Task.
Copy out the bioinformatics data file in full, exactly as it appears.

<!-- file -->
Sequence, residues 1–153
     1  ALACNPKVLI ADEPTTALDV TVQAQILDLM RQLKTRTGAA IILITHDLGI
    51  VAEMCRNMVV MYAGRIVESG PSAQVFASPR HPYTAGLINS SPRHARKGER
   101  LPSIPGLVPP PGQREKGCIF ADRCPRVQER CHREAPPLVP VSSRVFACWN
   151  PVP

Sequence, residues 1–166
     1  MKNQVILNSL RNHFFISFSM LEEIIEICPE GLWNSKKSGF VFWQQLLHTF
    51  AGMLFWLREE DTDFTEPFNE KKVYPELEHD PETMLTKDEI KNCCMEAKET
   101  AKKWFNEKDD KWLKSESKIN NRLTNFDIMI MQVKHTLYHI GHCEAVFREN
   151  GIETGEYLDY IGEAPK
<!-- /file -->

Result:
Sequence, residues 1–153
     1  ALACNPKVLI ADEPTTALDV TVQAQILDLM RQLKTRTGAA IILITHDLGI
    51  VAEMCRNMVV MYAGRIVESG PSAQVFASPR HPYTAGLINS SPRHARKGER
   101  LPSIPGLVPP PGQREKGCIF ADRCPRVQER CHREAPPLVP VSSRVFACWN
   151  PVP

Sequence, residues 1–166
     1  MKNQVILNSL RNHFFISFSM LEEIIEICPE GLWNSKKSGF VFWQQLLHTF
    51  AGMLFWLREE DTDFTEPFNE KKVYPELEHD PETMLTKDEI KNCCMEAKET
   101  AKKWFNEKDD KWLKSESKIN NRLTNFDIMI MQVKHTLYHI GHCEAVFREN
   151  GIETGEYLDY IGEAPK